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Why Are Data Science Leaders Running for the Exit?

Guest blog post by Edward Chenard, Contributor at DataScience.com.

I've had several conversations recently with people I know in the data science space that always start out about business and then drift to the state of data science as a whole. One theme constantly comes up in these conversations: There are a lot of people currently running data science teams at large organizations and the vast majority of them — I believe we are talking about 80-90% — want to leave their jobs. Why is that? Within smaller organizations, the number isn’t as great. So what is going on in larger organizations that is causing such a mass exodus? Having worked in and with many large organizations in a data science leadership capacity, I have a few theories. 

Academia Can't Do For-Profit

Many large companies have fallen into the trap of believing that you need a PhD to do data science. You don’t. Of the top five data scientists I have ever worked with, only one had a PhD and it wasn’t even in stats or data science — it was in biophysics. I call this the "academia trap." There are some smart people who know a lot about a very narrow field, but data science is a very broad discipline. When these PhDs are put in charge, they often discover they are out of their depth. They were never taught how to run a P&L, manage a team, or deal with people, competitive intel, market assessments, building a business case, etc. 

Add to this the world they came from: Many peer-reviewed papers in the academic world that are really good don’t see the light of day. Why? The reviewers may have a competing theory and don’t want their ideas to get superseded. It is shocking how often this happens in the data science space. I have always found the academic world to be more political than the corporate one. When your drive is profits and customer satisfaction, the academic mindset can be more of a liability than an asset. I have yet to see a data science program I would personally endorse. In my opinion, most are run by people who have never done the job of data science outside of a lab. That’s not what you want for your company.

If you’re not willing to give data science managers the training and support they need — or create an organizational structure that brings people with business backgrounds into data science strategy — what will happen is your budget will grow and your results will drop. I’ve seen leadership teams spend $10 million plus a year with very little return. I have never spent that kind of money, yet I have built billion-dollar data products. I’m also not a PhD. The difference is, I know business. PhDs do great work, but the type of work that they excel in isn’t what most companies are asking them to do in this new age of enterprise data science. Don’t make this mistake.

Wrong Expectations

Doing data science and managing data science are not the same, just like being an engineer and a product manager are not the same. There is a lot of overlap, but overlap does not equal sameness. Sometimes, I envy data scientists — much of their time is spent cleaning data sets, testing algorithms, and researching new methods. Compared to the job of someone who needs to run the practice, a data scientist has it pretty good.

"Doing data science and managing data science are not the same."

The leader of a data science practice needs to focus on data governance, MDM, compliance, legal issues around the use of algorithms, and documentation just in case someone sues for wrongful use. There are hiring issues and staffing problems to deal with, budget and funding to gain, P&L to run, business cases to build, market research to conduct, vendor meetings to hold, tech life-cycle management, the evangelizing of projects (both internal and external), and turning that work into data products that sell — all this while trying to ensure profit for the company. Big difference.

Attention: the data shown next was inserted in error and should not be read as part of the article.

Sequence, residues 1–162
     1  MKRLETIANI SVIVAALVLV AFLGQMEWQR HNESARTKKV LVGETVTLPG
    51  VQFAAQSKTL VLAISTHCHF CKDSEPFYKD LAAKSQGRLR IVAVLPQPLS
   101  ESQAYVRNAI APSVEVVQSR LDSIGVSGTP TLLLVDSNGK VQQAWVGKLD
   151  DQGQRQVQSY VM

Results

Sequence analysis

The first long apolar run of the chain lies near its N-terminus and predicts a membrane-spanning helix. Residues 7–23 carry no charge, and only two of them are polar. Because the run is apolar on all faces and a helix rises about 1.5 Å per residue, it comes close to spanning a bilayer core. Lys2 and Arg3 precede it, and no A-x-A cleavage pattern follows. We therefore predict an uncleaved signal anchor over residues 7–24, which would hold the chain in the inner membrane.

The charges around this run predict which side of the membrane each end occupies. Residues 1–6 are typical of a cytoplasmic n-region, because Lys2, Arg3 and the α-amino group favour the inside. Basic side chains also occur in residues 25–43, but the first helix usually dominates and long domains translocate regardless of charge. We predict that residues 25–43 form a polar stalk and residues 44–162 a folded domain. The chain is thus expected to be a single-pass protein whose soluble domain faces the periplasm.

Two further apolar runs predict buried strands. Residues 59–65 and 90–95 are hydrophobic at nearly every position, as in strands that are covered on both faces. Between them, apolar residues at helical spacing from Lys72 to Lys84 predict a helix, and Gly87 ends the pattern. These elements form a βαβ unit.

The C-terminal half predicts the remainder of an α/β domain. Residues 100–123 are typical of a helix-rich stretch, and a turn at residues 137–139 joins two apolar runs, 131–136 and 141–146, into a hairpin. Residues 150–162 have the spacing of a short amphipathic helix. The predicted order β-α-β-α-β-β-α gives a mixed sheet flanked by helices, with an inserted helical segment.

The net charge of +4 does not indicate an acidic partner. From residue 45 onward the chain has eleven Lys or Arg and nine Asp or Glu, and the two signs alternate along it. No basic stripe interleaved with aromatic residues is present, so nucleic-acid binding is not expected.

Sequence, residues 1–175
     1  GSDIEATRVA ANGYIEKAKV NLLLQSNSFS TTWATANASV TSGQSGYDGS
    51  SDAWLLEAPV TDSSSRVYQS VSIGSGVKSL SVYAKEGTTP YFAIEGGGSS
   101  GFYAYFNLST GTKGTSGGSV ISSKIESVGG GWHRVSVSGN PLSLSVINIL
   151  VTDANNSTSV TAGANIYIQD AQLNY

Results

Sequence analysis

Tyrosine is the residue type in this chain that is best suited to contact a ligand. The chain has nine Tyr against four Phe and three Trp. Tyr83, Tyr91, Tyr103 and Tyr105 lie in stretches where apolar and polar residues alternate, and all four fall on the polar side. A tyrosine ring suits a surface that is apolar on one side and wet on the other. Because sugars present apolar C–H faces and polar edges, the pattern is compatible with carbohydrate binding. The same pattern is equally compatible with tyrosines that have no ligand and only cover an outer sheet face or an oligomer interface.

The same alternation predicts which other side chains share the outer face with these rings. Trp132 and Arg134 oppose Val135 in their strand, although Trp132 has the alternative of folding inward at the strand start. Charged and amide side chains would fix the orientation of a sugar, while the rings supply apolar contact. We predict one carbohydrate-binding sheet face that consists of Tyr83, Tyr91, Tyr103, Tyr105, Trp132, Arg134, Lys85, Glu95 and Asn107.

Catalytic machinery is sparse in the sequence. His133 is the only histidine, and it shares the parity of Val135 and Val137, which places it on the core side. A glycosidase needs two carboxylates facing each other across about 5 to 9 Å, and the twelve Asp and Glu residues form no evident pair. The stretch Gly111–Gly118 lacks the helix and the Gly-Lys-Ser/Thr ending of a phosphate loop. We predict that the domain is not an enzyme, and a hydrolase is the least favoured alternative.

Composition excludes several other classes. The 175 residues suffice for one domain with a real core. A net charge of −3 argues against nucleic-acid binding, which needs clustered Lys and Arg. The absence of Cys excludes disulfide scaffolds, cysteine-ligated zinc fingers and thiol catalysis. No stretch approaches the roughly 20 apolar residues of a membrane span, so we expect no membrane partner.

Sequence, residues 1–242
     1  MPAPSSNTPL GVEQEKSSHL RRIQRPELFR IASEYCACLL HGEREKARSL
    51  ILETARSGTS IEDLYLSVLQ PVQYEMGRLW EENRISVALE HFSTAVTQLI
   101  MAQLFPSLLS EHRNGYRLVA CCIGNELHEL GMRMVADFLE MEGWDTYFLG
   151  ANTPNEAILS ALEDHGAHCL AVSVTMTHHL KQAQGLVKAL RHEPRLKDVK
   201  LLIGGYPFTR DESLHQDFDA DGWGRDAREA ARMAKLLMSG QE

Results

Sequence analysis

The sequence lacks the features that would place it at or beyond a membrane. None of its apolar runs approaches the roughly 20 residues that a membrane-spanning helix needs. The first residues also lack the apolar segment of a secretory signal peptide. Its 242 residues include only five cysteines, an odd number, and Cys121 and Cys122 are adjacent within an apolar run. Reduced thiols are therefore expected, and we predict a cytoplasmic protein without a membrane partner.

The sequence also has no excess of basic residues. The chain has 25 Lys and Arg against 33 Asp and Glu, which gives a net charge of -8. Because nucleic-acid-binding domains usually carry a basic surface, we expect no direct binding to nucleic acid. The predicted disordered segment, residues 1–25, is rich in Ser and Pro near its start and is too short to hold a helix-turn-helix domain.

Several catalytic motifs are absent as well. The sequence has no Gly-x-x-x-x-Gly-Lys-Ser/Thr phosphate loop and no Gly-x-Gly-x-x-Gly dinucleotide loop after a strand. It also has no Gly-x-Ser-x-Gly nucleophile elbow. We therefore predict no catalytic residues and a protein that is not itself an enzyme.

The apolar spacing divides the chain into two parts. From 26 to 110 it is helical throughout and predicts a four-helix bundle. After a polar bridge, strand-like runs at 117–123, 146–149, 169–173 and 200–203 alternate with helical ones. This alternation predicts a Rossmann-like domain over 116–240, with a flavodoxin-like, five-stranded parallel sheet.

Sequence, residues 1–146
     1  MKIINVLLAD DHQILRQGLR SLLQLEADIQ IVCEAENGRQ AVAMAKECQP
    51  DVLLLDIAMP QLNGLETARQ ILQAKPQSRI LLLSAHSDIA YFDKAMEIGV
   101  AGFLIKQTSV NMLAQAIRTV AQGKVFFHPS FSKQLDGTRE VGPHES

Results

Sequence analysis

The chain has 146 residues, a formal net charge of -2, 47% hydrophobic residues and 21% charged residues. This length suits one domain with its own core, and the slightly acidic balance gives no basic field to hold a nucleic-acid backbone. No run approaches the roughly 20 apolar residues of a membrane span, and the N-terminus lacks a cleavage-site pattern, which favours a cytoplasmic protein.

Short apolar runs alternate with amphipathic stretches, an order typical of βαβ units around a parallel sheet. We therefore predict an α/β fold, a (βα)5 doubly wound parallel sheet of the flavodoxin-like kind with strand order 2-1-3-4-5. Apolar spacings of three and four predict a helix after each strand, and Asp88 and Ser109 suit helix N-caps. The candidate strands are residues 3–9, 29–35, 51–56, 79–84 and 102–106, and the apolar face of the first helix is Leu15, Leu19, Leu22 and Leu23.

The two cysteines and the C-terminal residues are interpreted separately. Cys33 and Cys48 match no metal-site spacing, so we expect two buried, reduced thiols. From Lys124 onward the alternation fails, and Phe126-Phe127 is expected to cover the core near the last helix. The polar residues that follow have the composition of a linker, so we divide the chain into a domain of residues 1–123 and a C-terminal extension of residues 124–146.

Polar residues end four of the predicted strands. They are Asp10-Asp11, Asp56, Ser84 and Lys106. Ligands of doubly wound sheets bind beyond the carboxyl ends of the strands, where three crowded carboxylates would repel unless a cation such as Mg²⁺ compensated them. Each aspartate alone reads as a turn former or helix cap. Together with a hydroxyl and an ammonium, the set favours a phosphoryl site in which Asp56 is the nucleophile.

Most data scientists are just not ready to lead teams. This is why the failure rate of data science teams is so high right now. Often, companies put a strong technical person in charge when they really need a strong business person in charge. I call this person a data strategist. Right under that data strategist is the strong technical person; there needs to be a very solid and strong interpersonal relationship between the two. If they are competing, it will cause friction and less-than-desired results.

Bad Methods

Agile has taken the tech world by storm. It works fairly well for software development and, as a result, many companies enforce it on data science. But data science is not software development — it’s really a field of discovery, whereas software development is about assembly. I have worked with companies that demand agile and scrum for data science and then see half their team walk in less than a year. You can’t tell a team to solve a problem in two sprints. If they don’t have the data or tools, it won’t happen.

"You can’t tell a team to solve a problem in two sprints. If they don’t have the data or tools, it won’t happen."

Data science is a discipline that requires its own methods. In addition, most companies are still treating data products like they do physical products — but the economics are not the same. When I build a recommendation engine, my cost per unit is pretty much zero, unlike a physical product which certainly has a per unit cost. I can make a million product recommendations with that engine or just one and, other than the electricity, my cost per recommendation would be the same. The cost of a physical product would be a lot more and involve many different variables if I wanted to increase the number from one to million.

We have to understand that the economics of data products are different. A lot of large companies don’t even have this conversation, which can cause a lot of frustration for those in charge of data products. In essence, they have one hand tied behind their back.

Originally posted here.

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Comment by Kenneth Tobin on April 20, 2018 at 4:54pm